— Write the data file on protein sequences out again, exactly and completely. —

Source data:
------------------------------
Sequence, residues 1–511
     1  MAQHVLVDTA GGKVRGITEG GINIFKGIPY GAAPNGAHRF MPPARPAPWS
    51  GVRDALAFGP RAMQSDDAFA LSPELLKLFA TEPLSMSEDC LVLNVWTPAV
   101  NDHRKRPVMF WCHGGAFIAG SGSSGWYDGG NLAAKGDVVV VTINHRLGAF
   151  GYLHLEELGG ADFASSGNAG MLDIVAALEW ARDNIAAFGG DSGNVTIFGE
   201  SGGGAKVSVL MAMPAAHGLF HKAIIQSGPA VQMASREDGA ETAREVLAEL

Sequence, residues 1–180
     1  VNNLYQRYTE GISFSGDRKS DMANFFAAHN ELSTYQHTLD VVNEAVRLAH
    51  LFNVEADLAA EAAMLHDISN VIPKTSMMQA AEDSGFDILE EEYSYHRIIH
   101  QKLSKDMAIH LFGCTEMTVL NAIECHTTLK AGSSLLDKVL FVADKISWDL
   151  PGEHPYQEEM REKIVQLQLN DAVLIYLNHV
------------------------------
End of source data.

Sequence, residues 1–511
     1  MAQHVLVDTA GGKVRGITEG GINIFKGIPY GAAPNGAHRF MPPARPAPWS
    51  GVRDALAFGP RAMQSDDAFA LSPELLKLFA TEPLSMSEDC LVLNVWTPAV
   101  NDHRKRPVMF WCHGGAFIAG SGSSGWYDGG NLAAKGDVVV VTINHRLGAF
   151  GYLHLEELGG ADFASSGNAG MLDIVAALEW ARDNIAAFGG DSGNVTIFGE
   201  SGGGAKVSVL MAMPAAHGLF HKAIIQSGPA VQMASREDGA ETAREVLAEL

Sequence, residues 1–180
     1  VNNLYQRYTE GISFSGDRKS DMANFFAAHN ELSTYQHTLD VVNEAVRLAH
    51  LFNVEADLAA EAAMLHDISN VIPKTSMMQA AEDSGFDILE EEYSYHRIIH
   101  QKLSKDMAIH LFGCTEMTVL NAIECHTTLK AGSSLLDKVL FVADKISWDL
   151  PGEHPYQEEM REKIVQLQLN DAVLIYLNHV